Nestlé Study Reveals Confusion Over Whole Grain Consumption
A global study by Swiss food company Nestlé has found that there is significant confusion over how much whole grain should be consumed in order to lead a healthy life, and where to source it.
The study by Cereal Partners Worldwide, the producer of Nestlé Breakfast Cereals, surveyed over 16,000 people across the globe.
It revealed some common misconceptions about what products were high in whole grain. Some 38% said they didn’t know what foods contain whole grain. One in 10 respondents falsely believed bananas contain whole grain, while nearly one-fifth thought it is typically found in white bread.
Just over two-fifths (83%) didn’t know how many grams they should be eating on a daily basis and less than half (47%) said that they eat enough whole grain. However, 82% were aware that whole grain is important for a balanced diet.
Whole grain is important to a healthy diet and can help prevent chronic diseases such as heart disease, obesity, type-2 diabetes and bowel cancer. The World Health Organization recommends an increase in whole grain consumption as well as plenty of fruits, vegetables, legumes (lentils and beans) and nuts.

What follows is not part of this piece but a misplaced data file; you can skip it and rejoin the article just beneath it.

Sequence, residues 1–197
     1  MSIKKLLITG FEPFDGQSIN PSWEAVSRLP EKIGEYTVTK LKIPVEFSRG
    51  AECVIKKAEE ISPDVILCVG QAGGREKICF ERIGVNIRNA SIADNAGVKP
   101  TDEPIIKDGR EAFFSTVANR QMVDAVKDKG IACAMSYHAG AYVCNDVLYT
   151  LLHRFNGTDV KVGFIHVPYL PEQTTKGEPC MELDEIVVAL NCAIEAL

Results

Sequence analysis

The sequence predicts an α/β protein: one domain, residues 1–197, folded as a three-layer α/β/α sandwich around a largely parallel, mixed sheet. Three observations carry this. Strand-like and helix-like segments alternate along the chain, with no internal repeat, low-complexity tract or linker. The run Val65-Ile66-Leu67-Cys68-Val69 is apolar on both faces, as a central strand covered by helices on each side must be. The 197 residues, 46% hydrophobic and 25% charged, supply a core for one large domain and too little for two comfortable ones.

The grain is found in barley, brown rice, porridge, whole-wheat bread, pasta or crackers. Bran flakes or other bran cereal are also a source of whole grains.
Nestlé says it has made whole grain the number one ingredient in most of its cereals, adding 28 billion serves of whole grain to people’s diets, reduced sugar by up to 30% and removed 8,000 tonnes of salt.
From October 2017, the Swiss food company adopted colour-coded labelling on its breakfast cereal products, with a full roll-out to be in effect by early 2018.
The traffic-light colour-coded labels highlight the amount of energy, sugar, salt and fat that the cereals contain.
In June, Nestlé announced it planned to reduce the average sugar content in its cereals by 10% before the end of 2018, after a 15% reduction already implemented since 2010.
© 2017 European Supermarket Magazine – your source for the latest retail news. Article by Kevin Duggan. Click subscribe to sign up to ESM: The European Supermarket Magazine.